I get goosebumps even looking at pictures of the Kotel. I am anticipating it being the highlight of my trip to Israel. Surely this will be on the itinerary, right? I want to pray at the Wall--just me, my siddur and the stone I pick out to be my stone. I want to pray in the moment. In -- The -- Moment. I want to stop thinking and just experience.
This is the place where Chana prayed for a child and is also the place where she is buried. Jewish prayer is based upon the way in which she prayed at this place. We learn from her that our lips must move when we pray but that our prayer should be heard by only us. We learn that we should pray standing. And we also learn that we should pour our soul into prayer. We should allow ourselves to open up and not be ashamed. G-d answered Chana's prayer. And the sages determined that how a Jew prays should be modeled after this woman--Chana.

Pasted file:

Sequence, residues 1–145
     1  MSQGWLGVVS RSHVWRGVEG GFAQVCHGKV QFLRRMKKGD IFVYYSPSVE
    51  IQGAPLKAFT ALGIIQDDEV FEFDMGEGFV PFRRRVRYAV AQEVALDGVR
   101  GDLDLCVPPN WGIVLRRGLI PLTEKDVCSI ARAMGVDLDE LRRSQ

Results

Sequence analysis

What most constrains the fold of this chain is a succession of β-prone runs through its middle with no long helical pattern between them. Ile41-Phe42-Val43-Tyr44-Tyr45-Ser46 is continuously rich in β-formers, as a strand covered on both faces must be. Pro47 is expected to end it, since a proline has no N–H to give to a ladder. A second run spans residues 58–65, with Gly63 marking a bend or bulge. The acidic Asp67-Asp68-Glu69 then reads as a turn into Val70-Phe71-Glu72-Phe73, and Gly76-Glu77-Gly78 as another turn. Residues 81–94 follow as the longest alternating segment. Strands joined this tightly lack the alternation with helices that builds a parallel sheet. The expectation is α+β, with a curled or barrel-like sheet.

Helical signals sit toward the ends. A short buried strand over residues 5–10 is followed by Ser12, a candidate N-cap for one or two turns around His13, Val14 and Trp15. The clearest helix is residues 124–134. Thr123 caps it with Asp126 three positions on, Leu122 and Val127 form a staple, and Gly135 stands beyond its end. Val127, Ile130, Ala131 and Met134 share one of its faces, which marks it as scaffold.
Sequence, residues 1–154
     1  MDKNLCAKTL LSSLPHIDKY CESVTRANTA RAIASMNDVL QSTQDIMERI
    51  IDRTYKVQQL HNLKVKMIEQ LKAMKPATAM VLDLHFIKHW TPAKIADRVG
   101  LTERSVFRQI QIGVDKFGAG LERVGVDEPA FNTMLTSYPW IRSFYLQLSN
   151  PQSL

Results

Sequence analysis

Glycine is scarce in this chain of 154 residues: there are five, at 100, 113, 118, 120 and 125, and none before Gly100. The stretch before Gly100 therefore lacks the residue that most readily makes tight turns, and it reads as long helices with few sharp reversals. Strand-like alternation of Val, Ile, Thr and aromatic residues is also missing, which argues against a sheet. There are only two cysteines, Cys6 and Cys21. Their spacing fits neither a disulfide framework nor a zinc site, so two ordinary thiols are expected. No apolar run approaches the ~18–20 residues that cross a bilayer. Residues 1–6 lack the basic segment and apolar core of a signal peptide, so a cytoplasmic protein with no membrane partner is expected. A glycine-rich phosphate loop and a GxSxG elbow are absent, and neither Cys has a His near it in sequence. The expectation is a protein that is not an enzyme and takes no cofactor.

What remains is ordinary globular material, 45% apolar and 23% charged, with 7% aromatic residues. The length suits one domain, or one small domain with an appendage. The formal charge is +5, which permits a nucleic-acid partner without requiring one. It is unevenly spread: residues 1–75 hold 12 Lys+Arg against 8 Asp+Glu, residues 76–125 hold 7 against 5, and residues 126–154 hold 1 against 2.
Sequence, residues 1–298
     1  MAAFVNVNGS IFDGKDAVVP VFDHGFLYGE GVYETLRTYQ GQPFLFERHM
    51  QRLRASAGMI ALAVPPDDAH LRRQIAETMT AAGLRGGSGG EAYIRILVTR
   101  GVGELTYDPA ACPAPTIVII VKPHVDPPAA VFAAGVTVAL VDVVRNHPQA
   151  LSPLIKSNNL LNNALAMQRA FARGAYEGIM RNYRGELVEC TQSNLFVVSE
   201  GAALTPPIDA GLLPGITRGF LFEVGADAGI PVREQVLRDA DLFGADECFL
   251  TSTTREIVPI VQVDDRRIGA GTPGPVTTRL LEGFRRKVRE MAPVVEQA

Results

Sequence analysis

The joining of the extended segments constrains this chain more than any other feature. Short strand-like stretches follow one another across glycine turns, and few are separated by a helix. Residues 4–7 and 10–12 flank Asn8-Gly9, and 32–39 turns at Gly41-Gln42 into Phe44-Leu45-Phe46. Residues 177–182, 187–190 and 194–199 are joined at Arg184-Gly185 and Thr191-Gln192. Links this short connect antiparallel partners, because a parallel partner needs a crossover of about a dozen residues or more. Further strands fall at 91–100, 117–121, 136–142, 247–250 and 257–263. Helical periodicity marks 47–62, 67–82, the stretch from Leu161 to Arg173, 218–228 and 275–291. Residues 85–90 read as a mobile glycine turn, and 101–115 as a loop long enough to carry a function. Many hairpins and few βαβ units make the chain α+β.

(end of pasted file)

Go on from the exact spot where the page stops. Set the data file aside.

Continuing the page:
Rabbi Issac Luria's Gravesite
Rabbi Isaac Luria was one of the five greatest Tzaddikim of all time. He brought the light of the kabbalah down from its lofty abode in the teachings of Rebbe Shimon into a practical system of study. The first book that Rabbi Rose ever recommended that I read was a book about Rabbi Isaac Luria called Physician of the Soul.